Reasons to Live

IMG_0110I was listening to an episode of Fresh Air recently wherein Terry Gross interviewed Louis CK, mostly about his TV show Louie and his recent Beacon Theatre performance. It included a clip from the TV show, depicting a confrontation between Louis and a suicidal friend of his. The friend demands that Louis give him a reason to live, if Louis is going to try and talk him out of killing himself.

“No,” says Louis, “I got my reasons to live. I worked hard to figure out what they are. I’m not just handing ’em to you. You want a reason to live? Have a drink of water and get some sleep, wake up in the morning and try again like everyone else does…You know what, it’s not your life. It’s life. Life is bigger than you.”

Most of the time, we just sort of drift through the day to day, taking care of tasks and running errands and doing the things we need to do to remain alive and fed. But it’s worth stepping back, every now and again, and evaluating just what the hell it is you think you’re doing, and why. Especially when you’re coming out of (or think you’re coming out of) a depression that paused more or less everything in your life for almost two years. One of the problems with depression is that, in trying to hard to get yourself well, you do all kinds of things not because you want to, but because you feel that you should. You no longer go to parties or concerts because you want to or because they’re fun. You go because you recognize that these activities were fun once upon a time, so clearly, to continue to do the things that you once enjoyed is good for you. And even if they no longer bring you joy–even if you end up sitting in the back of the music hall crying for reasons you don’t understand and hoping that nobody notices or tries to talk to you–certainly, staying home isn’t going to make you better. Watching entire seasons of The Biggest Loser in one go and not getting out of bed for entire days clearly isn’t good for you. Compulsively playing Solitaire on your iPod isn’t good for you. Failing to sleep and not finishing school assignments isn’t good for you. So you force yourself to do things that are good for you. Fake it till you make it, right? You can act your way out of depression, right? If you keep doing the things that you used to love to do, someday they’ll regain their magic.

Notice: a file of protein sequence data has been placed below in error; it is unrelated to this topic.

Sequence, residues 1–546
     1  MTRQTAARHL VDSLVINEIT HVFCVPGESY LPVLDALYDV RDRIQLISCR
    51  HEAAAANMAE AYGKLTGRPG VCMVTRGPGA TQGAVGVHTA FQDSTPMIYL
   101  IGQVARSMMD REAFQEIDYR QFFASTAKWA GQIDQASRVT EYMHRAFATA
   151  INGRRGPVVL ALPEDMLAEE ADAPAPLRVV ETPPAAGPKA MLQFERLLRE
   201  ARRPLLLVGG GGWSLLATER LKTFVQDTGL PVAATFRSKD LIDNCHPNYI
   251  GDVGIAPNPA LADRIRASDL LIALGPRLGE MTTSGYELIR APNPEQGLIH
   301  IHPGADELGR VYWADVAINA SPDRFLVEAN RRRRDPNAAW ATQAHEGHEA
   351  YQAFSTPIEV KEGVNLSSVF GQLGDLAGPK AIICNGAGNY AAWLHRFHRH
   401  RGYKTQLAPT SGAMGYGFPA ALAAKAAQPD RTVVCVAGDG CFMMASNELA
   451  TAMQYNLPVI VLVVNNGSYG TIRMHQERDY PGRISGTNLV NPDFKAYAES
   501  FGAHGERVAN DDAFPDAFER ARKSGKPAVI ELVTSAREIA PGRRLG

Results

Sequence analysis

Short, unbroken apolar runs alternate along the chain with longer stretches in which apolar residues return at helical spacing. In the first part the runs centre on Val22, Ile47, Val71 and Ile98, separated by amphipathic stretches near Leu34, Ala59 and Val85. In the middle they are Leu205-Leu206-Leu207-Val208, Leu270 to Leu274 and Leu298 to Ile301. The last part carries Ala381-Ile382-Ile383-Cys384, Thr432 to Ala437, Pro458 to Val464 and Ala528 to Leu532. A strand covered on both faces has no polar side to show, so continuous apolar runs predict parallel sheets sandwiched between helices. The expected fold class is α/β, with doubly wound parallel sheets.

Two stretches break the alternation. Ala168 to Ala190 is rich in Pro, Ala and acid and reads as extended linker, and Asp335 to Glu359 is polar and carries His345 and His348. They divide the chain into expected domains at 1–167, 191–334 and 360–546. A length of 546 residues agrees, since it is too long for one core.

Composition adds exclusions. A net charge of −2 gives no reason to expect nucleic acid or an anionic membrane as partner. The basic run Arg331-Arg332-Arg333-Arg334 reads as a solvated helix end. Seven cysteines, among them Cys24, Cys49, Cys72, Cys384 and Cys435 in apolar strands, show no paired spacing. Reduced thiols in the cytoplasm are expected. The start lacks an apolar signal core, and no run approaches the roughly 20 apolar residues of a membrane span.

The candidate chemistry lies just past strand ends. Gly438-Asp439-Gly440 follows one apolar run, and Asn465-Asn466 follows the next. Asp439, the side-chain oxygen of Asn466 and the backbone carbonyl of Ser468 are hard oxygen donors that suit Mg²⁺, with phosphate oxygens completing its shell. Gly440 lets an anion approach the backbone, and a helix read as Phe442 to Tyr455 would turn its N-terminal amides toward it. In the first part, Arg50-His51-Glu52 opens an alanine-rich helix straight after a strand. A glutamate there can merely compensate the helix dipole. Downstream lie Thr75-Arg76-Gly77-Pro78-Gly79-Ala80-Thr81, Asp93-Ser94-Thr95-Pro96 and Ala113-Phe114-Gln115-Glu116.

I don’t want to jinx myself. I think it’s finally getting better. I have a new job (well, two new jobs, which will hopefully someday be one complete job) with people I like, that pays almost enough to live off of, and sometimes I will pause and realize I’m enjoying myself. It’s like the first deep breath you take after an asthma attack, or after holding your breath underwater for too long. Or riding my bike and realizing I’m having fun. Feeling proud of myself after I’ve ridden for 20+ miles. Do you know the last time that I felt proud of myself for something? I don’t either. And sometimes I catch myself hanging out with friends and realizing that they do, in fact, want me around.